Electric vehicle start-up Arrival cuts the remaining staff in half
Arrival will lay off about half of its remaining workforce to avoid running out of cash this year, as the struggling UK electric van start-up appoints a new chief executive amid a bid to raise money. new fund.
The company’s ambition is to make electric truck in small-scale factories that helped it attract investment from Hyundai and emerged two years ago with a value of $15 billion.
But the group encountered a problems while trying to commercialize its product.
In December, it issued an “ongoing” warning that it would run away from the cast within 12 months, with a cash burn at the time potentially causing its reserves to be completely depleted by the summer.
On Monday, the company appointed Igor Torgov, a former Microsoft and telecoms executive who has been at Arrival for two years, as its new chief executive, along with a wave of job losses. new.
The group will cut 800 jobs, mostly in the UK and Georgia, in its third round of job losses since last summer.
Torgov told the Financial Times the company faces “difficult decisions” in the coming weeks and said the current strategy is fundamentally sound, but may need “adjustment and improvement”.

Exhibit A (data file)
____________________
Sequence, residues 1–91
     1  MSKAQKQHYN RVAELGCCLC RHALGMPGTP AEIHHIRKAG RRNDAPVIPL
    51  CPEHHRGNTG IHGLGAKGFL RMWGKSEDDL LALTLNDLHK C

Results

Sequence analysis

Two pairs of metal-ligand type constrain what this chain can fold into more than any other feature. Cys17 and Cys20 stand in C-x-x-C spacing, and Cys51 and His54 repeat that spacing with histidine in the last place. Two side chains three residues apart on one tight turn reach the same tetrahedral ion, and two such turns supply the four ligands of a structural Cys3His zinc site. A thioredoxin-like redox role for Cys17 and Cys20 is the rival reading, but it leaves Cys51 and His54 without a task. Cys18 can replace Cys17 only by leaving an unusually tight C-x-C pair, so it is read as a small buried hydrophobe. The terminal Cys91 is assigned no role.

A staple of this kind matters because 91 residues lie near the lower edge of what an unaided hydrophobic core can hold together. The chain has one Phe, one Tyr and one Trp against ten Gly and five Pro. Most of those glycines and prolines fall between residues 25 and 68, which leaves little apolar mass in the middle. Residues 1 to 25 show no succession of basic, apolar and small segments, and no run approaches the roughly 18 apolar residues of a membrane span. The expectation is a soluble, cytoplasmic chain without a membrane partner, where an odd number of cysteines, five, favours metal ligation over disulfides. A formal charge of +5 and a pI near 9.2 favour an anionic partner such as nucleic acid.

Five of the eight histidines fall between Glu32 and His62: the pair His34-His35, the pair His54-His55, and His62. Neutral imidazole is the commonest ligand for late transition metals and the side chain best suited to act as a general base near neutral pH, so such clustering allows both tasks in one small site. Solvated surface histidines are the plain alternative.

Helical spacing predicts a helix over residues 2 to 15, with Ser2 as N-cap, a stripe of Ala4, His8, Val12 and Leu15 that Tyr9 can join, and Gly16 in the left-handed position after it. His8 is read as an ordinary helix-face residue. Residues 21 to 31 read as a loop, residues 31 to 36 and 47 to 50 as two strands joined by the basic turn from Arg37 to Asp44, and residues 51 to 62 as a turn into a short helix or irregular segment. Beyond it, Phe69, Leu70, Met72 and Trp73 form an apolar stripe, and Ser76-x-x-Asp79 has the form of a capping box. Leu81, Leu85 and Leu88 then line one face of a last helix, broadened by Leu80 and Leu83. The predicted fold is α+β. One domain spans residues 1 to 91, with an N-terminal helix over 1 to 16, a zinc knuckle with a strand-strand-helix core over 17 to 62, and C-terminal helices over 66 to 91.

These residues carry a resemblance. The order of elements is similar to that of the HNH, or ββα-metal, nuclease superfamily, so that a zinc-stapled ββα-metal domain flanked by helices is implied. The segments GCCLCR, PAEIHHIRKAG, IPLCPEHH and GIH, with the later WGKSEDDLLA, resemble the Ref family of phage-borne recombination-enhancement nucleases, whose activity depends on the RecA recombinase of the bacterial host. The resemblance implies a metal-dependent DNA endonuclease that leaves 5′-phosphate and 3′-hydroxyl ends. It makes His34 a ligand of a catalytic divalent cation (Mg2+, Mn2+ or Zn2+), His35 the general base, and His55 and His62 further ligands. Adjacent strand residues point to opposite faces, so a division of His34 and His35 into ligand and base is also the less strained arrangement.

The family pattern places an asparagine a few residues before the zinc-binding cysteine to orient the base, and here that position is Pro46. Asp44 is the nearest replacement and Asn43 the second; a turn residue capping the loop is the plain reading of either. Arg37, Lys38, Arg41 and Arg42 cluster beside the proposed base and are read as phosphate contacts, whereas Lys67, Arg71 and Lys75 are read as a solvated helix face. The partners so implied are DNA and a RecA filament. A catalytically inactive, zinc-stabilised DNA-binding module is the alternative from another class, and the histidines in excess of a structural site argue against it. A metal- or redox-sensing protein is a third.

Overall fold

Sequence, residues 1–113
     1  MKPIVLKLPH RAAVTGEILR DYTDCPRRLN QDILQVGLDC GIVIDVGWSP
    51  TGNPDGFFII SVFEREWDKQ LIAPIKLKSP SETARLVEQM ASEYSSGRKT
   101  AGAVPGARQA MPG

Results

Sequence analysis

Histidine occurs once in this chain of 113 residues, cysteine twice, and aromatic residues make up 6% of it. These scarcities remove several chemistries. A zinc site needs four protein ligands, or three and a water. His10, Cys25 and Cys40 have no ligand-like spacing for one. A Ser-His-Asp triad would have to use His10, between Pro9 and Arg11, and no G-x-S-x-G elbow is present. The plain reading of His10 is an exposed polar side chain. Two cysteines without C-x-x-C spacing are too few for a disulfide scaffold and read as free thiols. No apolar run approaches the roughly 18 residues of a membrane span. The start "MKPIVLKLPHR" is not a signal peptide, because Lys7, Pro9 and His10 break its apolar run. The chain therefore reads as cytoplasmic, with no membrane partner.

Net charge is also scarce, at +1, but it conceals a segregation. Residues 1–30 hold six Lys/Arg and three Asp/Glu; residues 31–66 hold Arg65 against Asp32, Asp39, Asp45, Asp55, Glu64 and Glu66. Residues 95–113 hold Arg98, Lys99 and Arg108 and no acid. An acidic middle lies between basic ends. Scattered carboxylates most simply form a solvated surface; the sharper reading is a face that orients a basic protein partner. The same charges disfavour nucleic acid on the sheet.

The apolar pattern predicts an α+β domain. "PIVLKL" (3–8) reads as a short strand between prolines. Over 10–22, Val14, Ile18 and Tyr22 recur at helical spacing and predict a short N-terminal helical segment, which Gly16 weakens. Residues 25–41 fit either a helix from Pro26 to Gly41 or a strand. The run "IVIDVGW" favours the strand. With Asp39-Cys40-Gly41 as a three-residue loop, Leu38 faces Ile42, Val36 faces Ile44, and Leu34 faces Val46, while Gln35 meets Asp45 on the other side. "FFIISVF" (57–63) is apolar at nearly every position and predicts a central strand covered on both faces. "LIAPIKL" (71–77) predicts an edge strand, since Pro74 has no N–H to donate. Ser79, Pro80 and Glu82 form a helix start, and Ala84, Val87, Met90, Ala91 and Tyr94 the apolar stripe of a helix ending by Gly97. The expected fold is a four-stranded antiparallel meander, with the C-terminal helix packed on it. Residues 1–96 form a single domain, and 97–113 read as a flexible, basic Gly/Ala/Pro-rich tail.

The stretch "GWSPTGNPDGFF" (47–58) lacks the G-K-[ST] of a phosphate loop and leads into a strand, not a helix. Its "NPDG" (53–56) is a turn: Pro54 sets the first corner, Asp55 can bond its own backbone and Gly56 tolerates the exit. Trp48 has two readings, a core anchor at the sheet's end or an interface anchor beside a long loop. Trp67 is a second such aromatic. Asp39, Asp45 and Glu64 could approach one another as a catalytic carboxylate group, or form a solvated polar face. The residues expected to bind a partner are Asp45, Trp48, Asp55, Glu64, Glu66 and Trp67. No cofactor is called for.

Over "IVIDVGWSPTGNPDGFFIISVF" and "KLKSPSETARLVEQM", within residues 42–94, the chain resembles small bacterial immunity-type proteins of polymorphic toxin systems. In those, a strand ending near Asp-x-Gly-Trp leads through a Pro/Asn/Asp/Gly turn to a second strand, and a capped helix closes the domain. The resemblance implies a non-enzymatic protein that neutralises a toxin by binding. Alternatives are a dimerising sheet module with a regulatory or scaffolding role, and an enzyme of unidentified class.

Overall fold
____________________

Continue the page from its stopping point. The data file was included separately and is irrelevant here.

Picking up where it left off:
Last year, the group abandoned plans to make a vehicle in the UK and instead focused on a truck for the US market, which will be built at an unbuilt plant in South Carolina.
Torgov said the plan is “the best use of our limited resources” and that “if done right and with all the right principles, it could be an appealing message to the investors”.
He added that the business is not expected to start manufacturing the US trucks until the second half of 2024, which is later than expected. The FT reported last year that the US model faced a delay of two years.
The cuts announced on Monday will bring the low-revenue business’ quarterly spending to about $30 million. At the end of December, Arrival had about $205 million in cash available.
Torgov said fundraising efforts, including appointing Teneo as a financial advisor to find buyers or investors, were “promising”. The cuts “give us reasonable time to work with investors,” he added.
Torgov, who holds an MBA from California State University and worked at Microsoft, previously ran the Russian cell phone group Yota and the retail technology device maker Atol.
At both companies, he said, he oversaw cost-cutting programs or key strategic shifts.
“I’m familiar [with turnrounds], I don’t get any pleasure out of it,” he said. “We have all this talent and the vast majority of people at Arrival are brilliant people, and have done a lot of good to keep the company going.”
Torgov also said he was looking into the future of Arrival’s controversial flying vehicle program, which the company has kept secret from investors.
Called “Jet,” employees were told at a meeting last year that the side venture, understood to be an exciting project by Arrival’s founder and president, Denis Sverdlov, had been secured. protected from cost-cutting, even though the business laid off hundreds of workers at the time and delayed other projects, including a bus.
Torgov said the plane program is “probably the only thing still under discussion,” and he hopes to announce the decision at the group’s investment press conference in early March.